David Syme made his name and his fortune in newspapers – specifically The Age – and his life’s course might be compared with the workings of a gigantic web offset press.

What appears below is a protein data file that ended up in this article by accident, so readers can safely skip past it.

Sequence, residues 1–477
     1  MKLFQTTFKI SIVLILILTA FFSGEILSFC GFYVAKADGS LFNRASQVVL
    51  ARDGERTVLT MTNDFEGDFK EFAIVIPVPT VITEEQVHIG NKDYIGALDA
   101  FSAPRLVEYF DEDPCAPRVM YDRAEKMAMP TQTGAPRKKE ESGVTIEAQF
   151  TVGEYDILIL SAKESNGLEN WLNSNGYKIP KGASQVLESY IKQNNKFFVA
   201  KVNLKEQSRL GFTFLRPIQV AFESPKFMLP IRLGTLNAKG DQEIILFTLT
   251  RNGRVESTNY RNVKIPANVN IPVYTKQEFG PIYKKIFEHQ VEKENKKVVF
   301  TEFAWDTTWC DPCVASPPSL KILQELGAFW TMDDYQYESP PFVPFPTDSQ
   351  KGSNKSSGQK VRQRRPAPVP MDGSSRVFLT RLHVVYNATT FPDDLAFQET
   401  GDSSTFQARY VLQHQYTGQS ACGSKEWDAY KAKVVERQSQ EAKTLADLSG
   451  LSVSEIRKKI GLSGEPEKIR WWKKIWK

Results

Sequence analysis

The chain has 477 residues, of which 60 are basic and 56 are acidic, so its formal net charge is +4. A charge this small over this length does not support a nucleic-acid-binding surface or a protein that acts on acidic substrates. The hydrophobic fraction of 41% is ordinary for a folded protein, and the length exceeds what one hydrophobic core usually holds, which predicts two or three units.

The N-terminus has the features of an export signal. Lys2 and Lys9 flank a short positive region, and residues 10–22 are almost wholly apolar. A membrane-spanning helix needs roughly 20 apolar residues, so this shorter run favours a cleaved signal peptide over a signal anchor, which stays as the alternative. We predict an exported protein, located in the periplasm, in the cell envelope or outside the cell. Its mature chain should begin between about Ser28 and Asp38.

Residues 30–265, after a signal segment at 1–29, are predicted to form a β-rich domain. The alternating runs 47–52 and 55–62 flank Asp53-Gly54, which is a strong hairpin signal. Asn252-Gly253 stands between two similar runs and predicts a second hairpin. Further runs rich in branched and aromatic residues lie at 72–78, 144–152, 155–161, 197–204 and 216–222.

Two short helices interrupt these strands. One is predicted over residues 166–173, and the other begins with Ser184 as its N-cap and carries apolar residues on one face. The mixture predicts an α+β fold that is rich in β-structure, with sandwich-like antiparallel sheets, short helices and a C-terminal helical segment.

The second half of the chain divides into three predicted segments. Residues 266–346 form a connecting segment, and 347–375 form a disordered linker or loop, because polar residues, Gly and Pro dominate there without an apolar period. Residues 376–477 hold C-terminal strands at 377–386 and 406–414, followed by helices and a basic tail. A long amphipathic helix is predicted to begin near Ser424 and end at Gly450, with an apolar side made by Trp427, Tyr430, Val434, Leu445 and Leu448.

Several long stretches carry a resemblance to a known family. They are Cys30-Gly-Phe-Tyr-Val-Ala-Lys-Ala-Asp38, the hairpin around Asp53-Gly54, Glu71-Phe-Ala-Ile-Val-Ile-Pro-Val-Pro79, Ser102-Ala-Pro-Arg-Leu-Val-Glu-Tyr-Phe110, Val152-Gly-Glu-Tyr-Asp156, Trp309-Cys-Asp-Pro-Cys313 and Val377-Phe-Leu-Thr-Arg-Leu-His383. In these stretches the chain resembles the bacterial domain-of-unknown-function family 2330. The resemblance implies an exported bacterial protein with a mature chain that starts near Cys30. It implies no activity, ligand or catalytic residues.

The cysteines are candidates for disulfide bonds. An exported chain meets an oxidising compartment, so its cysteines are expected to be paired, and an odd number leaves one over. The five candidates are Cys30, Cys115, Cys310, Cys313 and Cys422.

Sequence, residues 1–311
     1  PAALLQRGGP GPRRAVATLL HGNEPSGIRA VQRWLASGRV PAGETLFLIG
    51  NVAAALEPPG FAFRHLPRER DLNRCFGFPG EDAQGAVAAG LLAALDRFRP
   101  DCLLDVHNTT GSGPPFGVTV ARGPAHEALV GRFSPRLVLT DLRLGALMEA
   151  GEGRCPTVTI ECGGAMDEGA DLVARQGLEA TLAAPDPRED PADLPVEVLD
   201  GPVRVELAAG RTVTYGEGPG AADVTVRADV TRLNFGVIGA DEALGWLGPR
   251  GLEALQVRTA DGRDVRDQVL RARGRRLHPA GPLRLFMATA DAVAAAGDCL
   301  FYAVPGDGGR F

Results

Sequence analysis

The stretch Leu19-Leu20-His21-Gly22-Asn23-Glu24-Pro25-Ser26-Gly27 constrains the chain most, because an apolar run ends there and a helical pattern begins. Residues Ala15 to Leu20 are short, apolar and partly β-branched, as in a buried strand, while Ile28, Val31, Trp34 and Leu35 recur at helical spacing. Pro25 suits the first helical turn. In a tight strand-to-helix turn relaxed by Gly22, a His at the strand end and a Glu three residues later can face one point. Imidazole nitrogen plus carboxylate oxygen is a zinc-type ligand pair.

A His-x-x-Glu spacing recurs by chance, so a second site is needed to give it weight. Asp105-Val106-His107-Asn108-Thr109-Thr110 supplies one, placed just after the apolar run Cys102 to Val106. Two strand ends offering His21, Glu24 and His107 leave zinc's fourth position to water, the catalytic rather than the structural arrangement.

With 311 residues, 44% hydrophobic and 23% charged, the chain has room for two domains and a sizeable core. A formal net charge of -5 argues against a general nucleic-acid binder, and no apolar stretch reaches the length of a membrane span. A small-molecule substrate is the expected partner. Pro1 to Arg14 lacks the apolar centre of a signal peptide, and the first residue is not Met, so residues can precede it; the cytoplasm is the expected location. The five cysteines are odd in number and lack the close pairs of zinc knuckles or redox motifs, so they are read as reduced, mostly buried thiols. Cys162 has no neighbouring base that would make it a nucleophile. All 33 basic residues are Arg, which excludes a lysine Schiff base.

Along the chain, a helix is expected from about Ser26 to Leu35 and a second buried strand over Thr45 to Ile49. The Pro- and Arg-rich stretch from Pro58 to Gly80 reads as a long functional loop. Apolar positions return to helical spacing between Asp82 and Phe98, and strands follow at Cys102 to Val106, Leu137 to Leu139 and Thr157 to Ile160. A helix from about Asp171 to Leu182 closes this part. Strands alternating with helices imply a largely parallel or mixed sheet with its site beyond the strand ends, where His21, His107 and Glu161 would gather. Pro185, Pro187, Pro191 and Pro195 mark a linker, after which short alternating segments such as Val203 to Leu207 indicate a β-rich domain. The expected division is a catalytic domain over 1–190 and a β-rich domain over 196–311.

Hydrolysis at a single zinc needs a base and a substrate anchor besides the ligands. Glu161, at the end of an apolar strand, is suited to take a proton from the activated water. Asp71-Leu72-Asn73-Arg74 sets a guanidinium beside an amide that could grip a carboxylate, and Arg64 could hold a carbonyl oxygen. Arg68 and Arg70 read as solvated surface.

I have watched such machines at work. They start off slow; the rolls of naked newsprint snake by gently, round and round. When the presses roar to life the noise is astonishing; the paper is stretched like the thinnest of skins as it flashes, smooth and furious, through the machine, soaking up words and pictures. If the paper breaks, the whole thing unravels and the run must be reset. So it was with Syme, the brilliant but perplexing man who owned and ran The Age from 1860 until his death in 1908. At its peak in the 1880s, only the London dailies had higher circulations. One in ten people in Melbourne bought a copy.